Kingdom’s Closed? Sweet.

Kingdom’s Closed? Sweet.
By: Morgan White

On January 6th Kingdom, a music venue located in Shockoe Bottom, announced that it was closing its doors. My feelings on that matter can be summed up rather simply- that’s pretty awesome. Why is it pretty awesome though? There are several reasons. If you had a map of Virginia it would be relatively easy to circle spots on the map where strong music scenes are located, of course with the assumption that all music scenes displayed underground music in the realms of hardcore, pop punk, metal, indie and whatever else is trendy at the moment.

Virginia’s three strong music scene spots are Virginia Beach, Richmond, and Northern Virginia along the outer limits of D.C. In March a tour headlined by critically acclaimed pop punk band The Wonder Years with the supporting acts being Fireworks, Hostage Calm, and Misser played a show just outside of D.C. in Springfield at a venue called Empire. The next day if you were a part of that scene then you got on whatever social media platform that you take the most pictures and update with stupid things about how you’re trying to find the love of your life while shopping at Walmart and you saw a million posts talking badly about either Empire or that tour. The guy running the merch table for Misser got in an argument with the guy that was running the venue over how much the venue was getting out of their cut of the merch sales. The guy in charge of Empire ended up calling the merch person a f****t and it catapulted a slew of twitter posts of friends of the bands on that tour and fans to boycott the venue in Springfield.

Why does that matter in Richmond? The night before they played a show at Kingdom. The manager from Empire who had called the merch guy a faggot was there helping out set up and run the show. I distinctly remember him yelling profanities at the line waiting outside as he tried to straighten it up. The businesses of Kingdom and Empire were owned by the same person and had a very similar setup as far as management goes. Usually the way they worked things out was they’d either tell the tours they could play a show at both Kingdom and Empire or they’d have to sign a contract that said they wouldn’t play their next date within a certain distance of where the venue was.

The shutdown of Kingdom not only levels the playing field for smaller promoters in Richmond it levels the field for most music scenes in Virginia. There used to be a music scene in Fredericksburg. If you get on 95 north and drive for about an hour you’ll see a Carmax on one side of the road, a gym off in the distance next to a Walmart, you’ll probably even be able to see the long strip of car dealerships that’s riddled with crappy hotels and run down fast food joints. Being young in Fredericksburg is hell. You’ll be looking for things to do and usually you come up with about 5 choices: go bowling, go to the movies, go downtown, go to the mall, or get drunk at a friend’s house with 6 or 7 other people where they feel it’s worthy enough to call it a party and they take pictures and upload them to Instagram or Facebook and put them into the photo album titled 2014 party. YOLO! Lol Jk. Sorry mom.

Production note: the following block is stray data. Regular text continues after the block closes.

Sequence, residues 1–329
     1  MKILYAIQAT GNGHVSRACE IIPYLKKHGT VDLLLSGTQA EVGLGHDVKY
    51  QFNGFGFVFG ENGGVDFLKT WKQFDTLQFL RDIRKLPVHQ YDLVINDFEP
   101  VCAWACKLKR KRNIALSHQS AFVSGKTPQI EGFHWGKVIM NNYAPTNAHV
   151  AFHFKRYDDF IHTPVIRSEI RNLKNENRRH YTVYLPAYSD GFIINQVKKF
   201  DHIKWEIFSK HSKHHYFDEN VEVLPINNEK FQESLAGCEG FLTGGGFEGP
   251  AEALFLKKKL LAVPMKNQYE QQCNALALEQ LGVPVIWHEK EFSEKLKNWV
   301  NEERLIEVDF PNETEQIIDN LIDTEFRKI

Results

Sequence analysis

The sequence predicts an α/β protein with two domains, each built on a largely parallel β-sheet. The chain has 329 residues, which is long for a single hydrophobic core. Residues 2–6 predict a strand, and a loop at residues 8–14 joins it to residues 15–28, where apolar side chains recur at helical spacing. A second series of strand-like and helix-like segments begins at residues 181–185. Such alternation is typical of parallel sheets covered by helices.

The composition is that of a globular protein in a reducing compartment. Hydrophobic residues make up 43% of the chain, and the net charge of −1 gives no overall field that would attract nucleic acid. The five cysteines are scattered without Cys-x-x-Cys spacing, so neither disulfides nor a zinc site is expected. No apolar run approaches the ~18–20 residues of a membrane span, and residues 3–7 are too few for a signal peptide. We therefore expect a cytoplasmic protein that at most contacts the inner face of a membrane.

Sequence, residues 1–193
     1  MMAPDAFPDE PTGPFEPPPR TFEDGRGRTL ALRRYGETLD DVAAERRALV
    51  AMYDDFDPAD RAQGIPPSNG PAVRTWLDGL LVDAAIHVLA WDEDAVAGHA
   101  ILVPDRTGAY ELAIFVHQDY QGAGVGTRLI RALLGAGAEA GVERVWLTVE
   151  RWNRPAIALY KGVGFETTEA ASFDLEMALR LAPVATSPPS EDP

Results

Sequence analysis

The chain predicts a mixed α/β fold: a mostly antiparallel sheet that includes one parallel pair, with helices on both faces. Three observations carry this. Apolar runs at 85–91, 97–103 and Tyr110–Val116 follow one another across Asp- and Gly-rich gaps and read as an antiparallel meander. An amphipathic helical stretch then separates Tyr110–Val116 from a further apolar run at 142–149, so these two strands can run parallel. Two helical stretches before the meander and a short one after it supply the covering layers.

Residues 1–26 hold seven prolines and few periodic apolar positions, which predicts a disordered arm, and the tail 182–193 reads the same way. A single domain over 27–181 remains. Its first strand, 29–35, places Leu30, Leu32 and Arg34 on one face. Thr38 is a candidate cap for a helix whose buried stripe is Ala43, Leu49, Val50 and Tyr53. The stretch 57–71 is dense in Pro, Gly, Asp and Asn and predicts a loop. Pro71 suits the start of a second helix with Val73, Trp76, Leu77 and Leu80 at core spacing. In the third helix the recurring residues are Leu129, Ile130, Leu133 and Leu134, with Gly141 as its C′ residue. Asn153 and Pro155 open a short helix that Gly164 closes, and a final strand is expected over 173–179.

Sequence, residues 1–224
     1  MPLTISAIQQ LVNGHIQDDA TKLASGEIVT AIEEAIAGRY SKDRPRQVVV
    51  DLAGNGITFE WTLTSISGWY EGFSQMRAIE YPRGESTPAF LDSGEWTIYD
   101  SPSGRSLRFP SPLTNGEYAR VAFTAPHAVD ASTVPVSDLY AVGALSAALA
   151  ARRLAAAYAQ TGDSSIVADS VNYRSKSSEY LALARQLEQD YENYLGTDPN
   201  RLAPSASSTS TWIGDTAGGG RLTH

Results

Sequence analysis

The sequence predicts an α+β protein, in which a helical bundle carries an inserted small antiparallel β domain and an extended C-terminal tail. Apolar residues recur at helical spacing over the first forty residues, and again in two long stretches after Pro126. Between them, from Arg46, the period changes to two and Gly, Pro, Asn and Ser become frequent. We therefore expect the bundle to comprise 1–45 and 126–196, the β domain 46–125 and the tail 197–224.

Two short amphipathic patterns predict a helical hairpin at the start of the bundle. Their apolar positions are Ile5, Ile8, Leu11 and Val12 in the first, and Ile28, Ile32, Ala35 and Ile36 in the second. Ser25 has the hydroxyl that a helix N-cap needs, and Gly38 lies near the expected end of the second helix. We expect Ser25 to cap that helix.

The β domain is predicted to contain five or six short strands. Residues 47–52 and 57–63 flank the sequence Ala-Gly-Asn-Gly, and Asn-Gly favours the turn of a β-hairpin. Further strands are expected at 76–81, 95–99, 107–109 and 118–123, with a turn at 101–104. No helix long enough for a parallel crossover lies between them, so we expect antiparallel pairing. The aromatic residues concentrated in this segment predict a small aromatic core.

Up until a little bit after kingdom opened you could usually go to one of the shows the guy in charge of piercings and co-owning a local tattoo shop would put on in the back of the tattoo shop. In high school you’d be left with your extra-curricular’s and 99% of the time if it was someone I was friends with one of theirs would be to be in a band. That hasn’t mattered in Fredericksburg for a while now. That guy lost too much money on trying to book the incredibly smaller tour packages and was unable to get the bigger packages to play Fredericksburg. This was a venue that at one point was able to book A Day to Remember. Of course it was back before A Day to Remember sucked. For Richmond though it balances out in a different way. It allows the promotion company that usually works with the other prominent Shockoe Bottom venue Canal Club to begin a more frequent set of shows than it previously had and evens out the ability for most venues to get larger touring packages.

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Ink Magazine

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